Accounting academics’ perceptions of the effect of accreditation on UK accounting degrees

Ellington, Peter and Williams, Amanda (2017) Accounting academics’ perceptions of the effect of accreditation on UK accounting degrees. Accounting Education, 26 (5-6). pp. 501-521. ISSN 0963-9284

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Abstract

Students graduating from undergraduate accounting degree programmes in the UK are eligible for and attracted by accreditation available from professional accountancy body (PAB) examinations. The study reviews factual information available from PAB websites to confirm that virtually all accounting degrees in the UK have accreditation, and many are accredited with two or more PABs. By interviewing 18 accounting academics from a cross section of UK universities, this study verifies the factual information and confirms views expressed in the literature regarding the constraining nature of accreditation on UK accounting degrees. The interviewees confirmed that accreditation is seen as essential for student recruitment to degree programmes and that it leads to degree programmes imitating professional syllabi and examinations, resulting in technical content and didactic methods, which in turns crowds out broader educational activity. While providing a consistent structure and approach to university accounting education in the UK, the consensus view is that accreditation constrains degree programmes leading to a missed opportunity to provide a wider liberal education. It is also found that the legitimacy of awarding exemptions to students with less than good honours should be questioned.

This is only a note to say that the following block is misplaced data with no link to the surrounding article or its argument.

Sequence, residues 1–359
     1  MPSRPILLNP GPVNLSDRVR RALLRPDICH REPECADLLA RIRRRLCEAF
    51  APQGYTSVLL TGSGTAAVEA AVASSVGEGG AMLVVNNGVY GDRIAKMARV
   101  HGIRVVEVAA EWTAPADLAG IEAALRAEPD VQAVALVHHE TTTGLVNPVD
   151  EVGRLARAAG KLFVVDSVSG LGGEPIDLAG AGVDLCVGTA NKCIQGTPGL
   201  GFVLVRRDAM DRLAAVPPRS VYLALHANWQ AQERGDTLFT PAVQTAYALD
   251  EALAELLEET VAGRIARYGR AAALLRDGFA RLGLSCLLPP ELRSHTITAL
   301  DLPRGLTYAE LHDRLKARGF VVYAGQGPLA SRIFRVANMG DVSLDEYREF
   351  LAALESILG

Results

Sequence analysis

Item Type: Article
Uncontrolled Keywords: accounting education,accreditation,professional accountancy bodies,liberal education,uk accounting degrees
Faculty \ School: Faculty of Social Sciences > Norwich Business School
Depositing User: Pure Connector
Date Deposited: 19 Aug 2017 05:07
Last Modified: 13 May 2020 23:52
URI: https://ueaeprints.uea.ac.uk/id/eprint/64611
DOI: 10.1080/09639284.2017.1361845

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